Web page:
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Freddie Mac, Fannie Mae borrowers could see principal reduction

May 07, 2012|By Alejandro Lazo
  • Edward J. DeMarco, head of the independent federal agency that oversees Fannie Mae and Freddie Mac, has argued that reducing principal on mortgages owned or guaranteed by them is not consistent with his agency's mandate to protect taxpayers.
Edward J. DeMarco, head of the independent federal agency that oversees… (Scott Eells/Bloomberg…)

Thanks to a key policy change, troubled borrowers with loans that are owned or backed by Fannie Mae and Freddie Mac may be allowed to participate in a state program that slashes the size of those home loans through principal reduction, according to a statement by their regulator. 

Principal reductions are the writing down of loan balances. Last week, officials who run the Keep Your Home California program told The Times they were dropping a requirement that financial institutions must match taxpayer funds when mortgages are shrunk in this manner.

[Updated 2:37 p.m.: Last year, both companies issued directives to the mortgage servicers that work with them, indicating that they would be allowed to participate in such programs as long as they or those servicers would not have to match those funds. Here is the directive from Fannie Mae and here is the directive from Freddie Mac.]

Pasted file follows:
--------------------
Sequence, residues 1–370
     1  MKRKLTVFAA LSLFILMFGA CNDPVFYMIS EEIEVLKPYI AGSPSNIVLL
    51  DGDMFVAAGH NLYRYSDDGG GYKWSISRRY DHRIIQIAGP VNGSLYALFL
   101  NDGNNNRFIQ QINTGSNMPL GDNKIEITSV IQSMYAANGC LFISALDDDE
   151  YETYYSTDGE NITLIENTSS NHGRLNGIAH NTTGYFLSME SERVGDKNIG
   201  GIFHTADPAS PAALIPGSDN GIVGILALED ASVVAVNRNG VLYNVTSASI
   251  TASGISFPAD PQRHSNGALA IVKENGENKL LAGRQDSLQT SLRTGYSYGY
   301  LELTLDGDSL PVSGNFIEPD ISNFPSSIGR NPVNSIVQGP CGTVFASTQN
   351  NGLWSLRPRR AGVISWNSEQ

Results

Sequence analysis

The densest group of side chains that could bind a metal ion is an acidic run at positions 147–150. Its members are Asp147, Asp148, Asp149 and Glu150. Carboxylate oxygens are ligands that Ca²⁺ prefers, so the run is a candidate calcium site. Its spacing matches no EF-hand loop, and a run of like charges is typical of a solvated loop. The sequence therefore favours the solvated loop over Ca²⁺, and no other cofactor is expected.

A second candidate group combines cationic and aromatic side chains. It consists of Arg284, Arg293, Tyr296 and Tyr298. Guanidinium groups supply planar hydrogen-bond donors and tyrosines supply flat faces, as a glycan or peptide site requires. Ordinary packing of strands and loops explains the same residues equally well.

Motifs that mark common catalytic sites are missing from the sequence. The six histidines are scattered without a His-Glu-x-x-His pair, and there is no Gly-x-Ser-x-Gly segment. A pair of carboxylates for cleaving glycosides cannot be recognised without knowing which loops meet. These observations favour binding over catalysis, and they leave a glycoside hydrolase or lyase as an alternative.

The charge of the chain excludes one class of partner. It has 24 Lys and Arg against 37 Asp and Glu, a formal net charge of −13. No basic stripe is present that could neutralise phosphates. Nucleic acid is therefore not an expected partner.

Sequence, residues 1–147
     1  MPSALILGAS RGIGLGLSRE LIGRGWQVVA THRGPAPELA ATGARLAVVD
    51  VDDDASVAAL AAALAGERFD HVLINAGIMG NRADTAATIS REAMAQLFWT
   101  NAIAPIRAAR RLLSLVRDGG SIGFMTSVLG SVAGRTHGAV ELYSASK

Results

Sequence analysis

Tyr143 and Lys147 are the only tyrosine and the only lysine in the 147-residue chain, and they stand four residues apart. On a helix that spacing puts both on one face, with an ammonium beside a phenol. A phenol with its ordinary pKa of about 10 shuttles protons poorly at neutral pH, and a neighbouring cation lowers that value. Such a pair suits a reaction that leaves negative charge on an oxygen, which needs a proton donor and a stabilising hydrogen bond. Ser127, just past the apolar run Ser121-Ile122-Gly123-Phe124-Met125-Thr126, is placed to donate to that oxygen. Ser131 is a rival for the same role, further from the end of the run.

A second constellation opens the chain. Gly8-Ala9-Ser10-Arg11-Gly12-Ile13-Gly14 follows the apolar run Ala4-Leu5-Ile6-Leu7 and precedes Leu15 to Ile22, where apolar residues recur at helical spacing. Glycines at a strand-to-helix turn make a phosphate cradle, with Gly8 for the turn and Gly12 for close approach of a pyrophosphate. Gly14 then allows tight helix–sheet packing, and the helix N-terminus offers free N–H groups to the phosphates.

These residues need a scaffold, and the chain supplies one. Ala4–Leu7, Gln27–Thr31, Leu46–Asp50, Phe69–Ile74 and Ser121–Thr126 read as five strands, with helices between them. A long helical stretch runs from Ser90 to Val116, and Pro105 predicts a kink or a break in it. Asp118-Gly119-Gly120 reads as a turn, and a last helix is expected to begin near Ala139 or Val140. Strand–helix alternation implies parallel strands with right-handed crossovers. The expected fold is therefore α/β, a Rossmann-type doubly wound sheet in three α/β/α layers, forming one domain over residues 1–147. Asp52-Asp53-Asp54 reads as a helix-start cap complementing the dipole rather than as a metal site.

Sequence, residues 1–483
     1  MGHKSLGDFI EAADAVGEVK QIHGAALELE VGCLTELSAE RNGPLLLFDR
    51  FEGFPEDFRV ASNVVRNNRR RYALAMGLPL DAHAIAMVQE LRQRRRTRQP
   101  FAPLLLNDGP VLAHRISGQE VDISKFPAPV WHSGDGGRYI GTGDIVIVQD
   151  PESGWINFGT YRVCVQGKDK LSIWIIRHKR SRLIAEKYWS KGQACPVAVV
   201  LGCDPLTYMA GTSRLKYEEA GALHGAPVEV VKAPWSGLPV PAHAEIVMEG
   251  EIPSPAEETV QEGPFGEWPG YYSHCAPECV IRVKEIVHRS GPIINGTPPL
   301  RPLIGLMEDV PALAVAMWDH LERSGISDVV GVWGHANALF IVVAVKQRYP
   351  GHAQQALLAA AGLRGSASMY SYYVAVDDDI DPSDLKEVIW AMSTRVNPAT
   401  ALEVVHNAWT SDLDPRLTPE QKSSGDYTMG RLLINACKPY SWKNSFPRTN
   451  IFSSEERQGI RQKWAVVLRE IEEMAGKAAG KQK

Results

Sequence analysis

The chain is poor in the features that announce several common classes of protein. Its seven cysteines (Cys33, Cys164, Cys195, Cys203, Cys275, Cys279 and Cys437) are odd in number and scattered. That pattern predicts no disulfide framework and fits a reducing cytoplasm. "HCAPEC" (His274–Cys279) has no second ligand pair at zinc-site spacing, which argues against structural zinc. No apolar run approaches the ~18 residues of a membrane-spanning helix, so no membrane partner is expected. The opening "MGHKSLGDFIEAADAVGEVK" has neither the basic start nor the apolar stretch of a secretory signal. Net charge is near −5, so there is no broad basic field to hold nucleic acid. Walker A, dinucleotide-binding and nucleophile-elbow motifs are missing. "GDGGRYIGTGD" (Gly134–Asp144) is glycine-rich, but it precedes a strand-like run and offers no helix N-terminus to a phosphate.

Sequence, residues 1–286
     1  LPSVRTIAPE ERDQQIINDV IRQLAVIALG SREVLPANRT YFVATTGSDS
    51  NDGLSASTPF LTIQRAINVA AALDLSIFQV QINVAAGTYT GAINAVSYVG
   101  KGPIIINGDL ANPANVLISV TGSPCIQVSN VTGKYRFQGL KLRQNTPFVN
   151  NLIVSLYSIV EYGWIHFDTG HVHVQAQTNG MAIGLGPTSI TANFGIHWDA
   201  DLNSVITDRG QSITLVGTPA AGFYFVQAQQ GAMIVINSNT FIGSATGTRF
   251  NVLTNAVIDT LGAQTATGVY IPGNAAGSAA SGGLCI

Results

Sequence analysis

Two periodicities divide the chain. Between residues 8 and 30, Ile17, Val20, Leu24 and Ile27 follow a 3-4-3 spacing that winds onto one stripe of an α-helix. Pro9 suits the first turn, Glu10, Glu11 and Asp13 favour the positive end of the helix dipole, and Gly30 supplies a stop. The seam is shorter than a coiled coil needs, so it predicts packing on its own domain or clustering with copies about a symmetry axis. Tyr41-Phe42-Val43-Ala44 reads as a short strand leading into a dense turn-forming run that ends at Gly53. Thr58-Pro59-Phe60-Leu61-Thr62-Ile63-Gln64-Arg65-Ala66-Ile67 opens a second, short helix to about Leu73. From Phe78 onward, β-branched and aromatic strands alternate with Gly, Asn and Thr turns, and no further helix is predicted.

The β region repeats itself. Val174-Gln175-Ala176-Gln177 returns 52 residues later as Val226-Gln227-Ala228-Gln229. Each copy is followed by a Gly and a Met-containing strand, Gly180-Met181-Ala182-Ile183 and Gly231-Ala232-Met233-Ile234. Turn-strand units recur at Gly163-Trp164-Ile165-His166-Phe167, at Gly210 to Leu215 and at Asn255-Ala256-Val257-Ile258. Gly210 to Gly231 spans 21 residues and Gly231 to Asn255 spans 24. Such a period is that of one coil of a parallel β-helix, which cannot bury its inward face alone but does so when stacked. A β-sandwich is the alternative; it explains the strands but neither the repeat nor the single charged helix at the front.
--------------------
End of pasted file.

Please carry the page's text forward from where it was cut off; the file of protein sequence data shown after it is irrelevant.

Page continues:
On Monday, a spokeswoman for the financial regulator that governs the two companies told The Times that those changes would allow the two companies to participate.

“Fannie Mae and Freddie Mac (the Enterprises) may accept the pay down of mortgage principal funded through a Hardest Hit Fund program provided other Guide requirements are satisfied," spokeswoman Stefanie Johnson wrote in an e-mailed statement. "The Enterprises will work with the (state) to apply its new program to Enterprise loans.”

The participation by the two mortgage giants in the principal reduction component of the Keep Your Home California program could give the initiative a major boost. Fannie Mae and Freddie Mac own a big share of mortgages in the Golden State, but since the program was unveiled last year neither has elected to participate.

Edward J. DeMarco, head of the independent federal agency that oversees Fannie Mae and Freddie Mac, has argued that reducing principal on mortgages owned or guaranteed by them is not consistent with his agency’s mandate to protect taxpayers.

The state, with money allocated to it by the federal government, will contribute all of the money and help fewer California borrowers than originally proposed. The program is run by the California Housing Finance Agency and uses money that was reserved for the 2008 Wall Street bailout. Financial institutions will be required to make other modifications to loans that are reduced such as interest rate reductions or changes to the terms of the loans. The changes to the program will roll out in early June, officials with the California agency said.

The California agency estimates as many as 8,500 to 9,000 borrowers could be aided under the changes to the principal reduction component of the program. The state agency will also increase to $100,000 from $50,000 the amount of aid borrowers can receive.

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